I’m opting for “progress over perfection” but perhaps you’ve seen the phrase as “progress not perfection.” Same vibe.
I’m adding it to my mental toolbox because of two recent examples.
Accessibility expert Meryl Evans recently shared an example on LinkedIn:
This scenario is exactly why I’ve been pushing for progress, not perfection.
A dear friend posted images on social media that provided excellent #accessibility tips. However, the images did not have a strong enough contrast.
We happened to get on a video call and I mentioned the color contrast. I told her about a tool that makes it easy to know if the colors past the contrast ratio.
The designer was working with my friend’s brand colors. Both are learning accessibility as they go. She said she will share that with her graphics designer.
And this friend is an awesome supporter of accessibility and inclusion. She’s always pushing for it.
Well, someone saw the images on social media that were posted before we talked. And they responded with a harsh message.
It upset my friend. Of course, she felt awful. She’s one of the kindest and sweetest people I know. Fortunately, this didn’t deter her from continuing to push for accessibility and learn about it herself.
The next person may not respond like she did. These harsh words can have the opposite effect and someone ends up not bothering with accessibility at all.
We. Don’t. Know. Everything.
Accessibility is huge! What may be obvious to you may not be obvious to someone else.
I’m also learning. I don’t know how to do everything in accessibility. Far from it. WCAG is challenging for me to understand. ARIA and I aren’t on speaking terms because I can’t understand ARIA 🤣
That’s why I’ve been pushing progress, not perfection. It’s a kinder approach. And we have to keep in mind that someone may not know what they don’t know and needs a gentle education.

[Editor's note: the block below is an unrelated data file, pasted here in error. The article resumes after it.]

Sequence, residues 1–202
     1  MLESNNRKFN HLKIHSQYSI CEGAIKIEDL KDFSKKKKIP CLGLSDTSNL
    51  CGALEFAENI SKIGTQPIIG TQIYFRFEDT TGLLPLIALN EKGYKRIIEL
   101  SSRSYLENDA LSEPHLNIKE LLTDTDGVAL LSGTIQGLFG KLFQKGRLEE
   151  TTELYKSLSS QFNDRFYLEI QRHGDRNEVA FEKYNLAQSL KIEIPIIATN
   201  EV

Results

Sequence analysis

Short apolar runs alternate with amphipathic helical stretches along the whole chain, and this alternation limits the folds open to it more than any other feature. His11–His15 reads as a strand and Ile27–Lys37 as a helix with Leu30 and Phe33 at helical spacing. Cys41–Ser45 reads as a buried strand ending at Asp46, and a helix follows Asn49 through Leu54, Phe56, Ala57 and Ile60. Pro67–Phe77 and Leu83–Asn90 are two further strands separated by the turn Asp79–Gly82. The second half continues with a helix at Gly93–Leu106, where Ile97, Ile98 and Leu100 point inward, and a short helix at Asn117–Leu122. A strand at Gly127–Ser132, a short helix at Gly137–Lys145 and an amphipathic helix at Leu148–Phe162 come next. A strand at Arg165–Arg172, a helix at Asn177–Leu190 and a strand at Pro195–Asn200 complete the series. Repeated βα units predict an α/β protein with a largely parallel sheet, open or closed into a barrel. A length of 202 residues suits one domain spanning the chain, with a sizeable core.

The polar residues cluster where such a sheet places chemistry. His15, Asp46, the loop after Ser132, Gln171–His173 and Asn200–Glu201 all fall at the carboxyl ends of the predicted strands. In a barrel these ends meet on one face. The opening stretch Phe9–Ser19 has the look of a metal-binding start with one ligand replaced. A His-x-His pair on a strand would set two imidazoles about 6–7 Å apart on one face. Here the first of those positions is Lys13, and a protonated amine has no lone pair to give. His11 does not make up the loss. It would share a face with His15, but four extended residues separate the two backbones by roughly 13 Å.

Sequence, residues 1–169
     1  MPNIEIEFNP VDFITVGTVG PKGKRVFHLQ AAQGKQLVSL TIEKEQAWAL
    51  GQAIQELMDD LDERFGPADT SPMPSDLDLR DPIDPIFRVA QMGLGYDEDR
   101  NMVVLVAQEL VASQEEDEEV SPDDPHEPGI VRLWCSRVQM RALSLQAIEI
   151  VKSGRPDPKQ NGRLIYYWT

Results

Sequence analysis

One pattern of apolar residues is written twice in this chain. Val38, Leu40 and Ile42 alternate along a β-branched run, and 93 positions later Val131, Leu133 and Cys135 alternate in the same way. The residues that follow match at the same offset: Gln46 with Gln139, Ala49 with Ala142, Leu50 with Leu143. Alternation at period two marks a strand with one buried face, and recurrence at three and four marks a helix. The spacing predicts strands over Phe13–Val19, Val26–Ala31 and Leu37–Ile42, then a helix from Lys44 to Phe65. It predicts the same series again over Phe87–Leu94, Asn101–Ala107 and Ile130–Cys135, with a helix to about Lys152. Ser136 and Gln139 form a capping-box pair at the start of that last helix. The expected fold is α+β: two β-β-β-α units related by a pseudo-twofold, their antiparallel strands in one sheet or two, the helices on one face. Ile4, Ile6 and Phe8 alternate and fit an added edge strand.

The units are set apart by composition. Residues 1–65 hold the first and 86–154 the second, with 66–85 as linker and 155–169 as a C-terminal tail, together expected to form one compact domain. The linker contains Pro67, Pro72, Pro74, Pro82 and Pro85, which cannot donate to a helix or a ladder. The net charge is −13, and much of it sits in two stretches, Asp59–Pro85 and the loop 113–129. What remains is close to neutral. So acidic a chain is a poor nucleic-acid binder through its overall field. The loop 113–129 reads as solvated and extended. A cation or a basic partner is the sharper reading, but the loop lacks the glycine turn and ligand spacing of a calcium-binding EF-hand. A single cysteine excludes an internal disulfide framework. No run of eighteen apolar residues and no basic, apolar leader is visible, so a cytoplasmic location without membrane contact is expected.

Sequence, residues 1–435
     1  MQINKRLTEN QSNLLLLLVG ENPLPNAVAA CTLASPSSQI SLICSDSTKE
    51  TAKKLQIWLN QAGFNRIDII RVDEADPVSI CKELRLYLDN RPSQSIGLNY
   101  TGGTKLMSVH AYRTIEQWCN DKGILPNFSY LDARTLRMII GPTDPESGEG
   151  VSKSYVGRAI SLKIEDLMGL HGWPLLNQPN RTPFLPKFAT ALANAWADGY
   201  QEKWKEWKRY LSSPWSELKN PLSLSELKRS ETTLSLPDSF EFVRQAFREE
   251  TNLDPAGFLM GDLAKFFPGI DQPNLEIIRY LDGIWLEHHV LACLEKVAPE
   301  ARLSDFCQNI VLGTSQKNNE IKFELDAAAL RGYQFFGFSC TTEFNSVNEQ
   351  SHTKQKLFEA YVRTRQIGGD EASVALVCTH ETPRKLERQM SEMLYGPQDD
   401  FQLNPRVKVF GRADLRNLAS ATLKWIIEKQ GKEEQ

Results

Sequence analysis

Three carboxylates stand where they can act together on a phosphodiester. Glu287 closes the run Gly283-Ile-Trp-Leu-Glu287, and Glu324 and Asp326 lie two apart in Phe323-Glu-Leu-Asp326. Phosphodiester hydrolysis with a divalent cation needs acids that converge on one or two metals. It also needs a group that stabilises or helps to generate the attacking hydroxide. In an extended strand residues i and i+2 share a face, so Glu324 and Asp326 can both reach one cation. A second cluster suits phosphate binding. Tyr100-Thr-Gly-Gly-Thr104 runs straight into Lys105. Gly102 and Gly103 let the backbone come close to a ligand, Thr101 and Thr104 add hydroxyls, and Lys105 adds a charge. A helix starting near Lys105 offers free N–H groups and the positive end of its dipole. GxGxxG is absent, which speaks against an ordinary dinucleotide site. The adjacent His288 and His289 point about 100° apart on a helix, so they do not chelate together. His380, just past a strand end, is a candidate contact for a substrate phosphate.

Instead of snapping, educate. Something to the effect of:
“Hey, I appreciate your efforts with accessibility. I thought you might want to know that these images don’t have a strong enough color contrast. You can check color contrast with a free tool like Colour Contrast Analyser.” (No, I didn’t suddenly start speaking with a UK accent. That’s the name of it.) https://lnkd.in/eYrhYvvB
It’s the ol’ catch more flies with honey than vinegar thing. I don’t love this idiom, but I haven’t found a better one.
Also, please suggest a few things to improve instead of everything. I know when I look at a very messy room, I turn around and leave. It’s overwhelming. But if there are a few boxes in the room, then it’s more manageable and I’ll move them right away.
Let’s not get all A11y catty 😸
Please educate. Please be kind.
Example #2 is from how the Sturges-Young Center for the Arts recently handled constructive feedback to a Facebook ad promoting an April 13 event when they will be hosting Firekeeper’s Daughter author Angeline Boulley. The original ad listed “Tickets are $10 for adults, $5 for students, educators, and indigenous tribal members.”
Someone pointed out a problem with the discounted-pricing phrasing:
I would like to point out the irony of giving tribal members a discount when in the book it specifically highlights indigenous persons that are excluded due to blood quantum or non-existent records and talks about how unfair it is that they’re excluded from tribal benefits and decisions.
Just thought I’d mention that tribal members and indigenous persons aren’t always card-carrying.
How did the Center respond? With understanding and progress.
Fair point. It was an easy fix. We have updated the box office discount to read “indigenous persons & tribal members”. We want to be inclusive and accommodating to all underserved communities!
The other commenters were appreciative.
Healthy reminders of how we’re all in this together and can make progress with respectful conversations and open minds.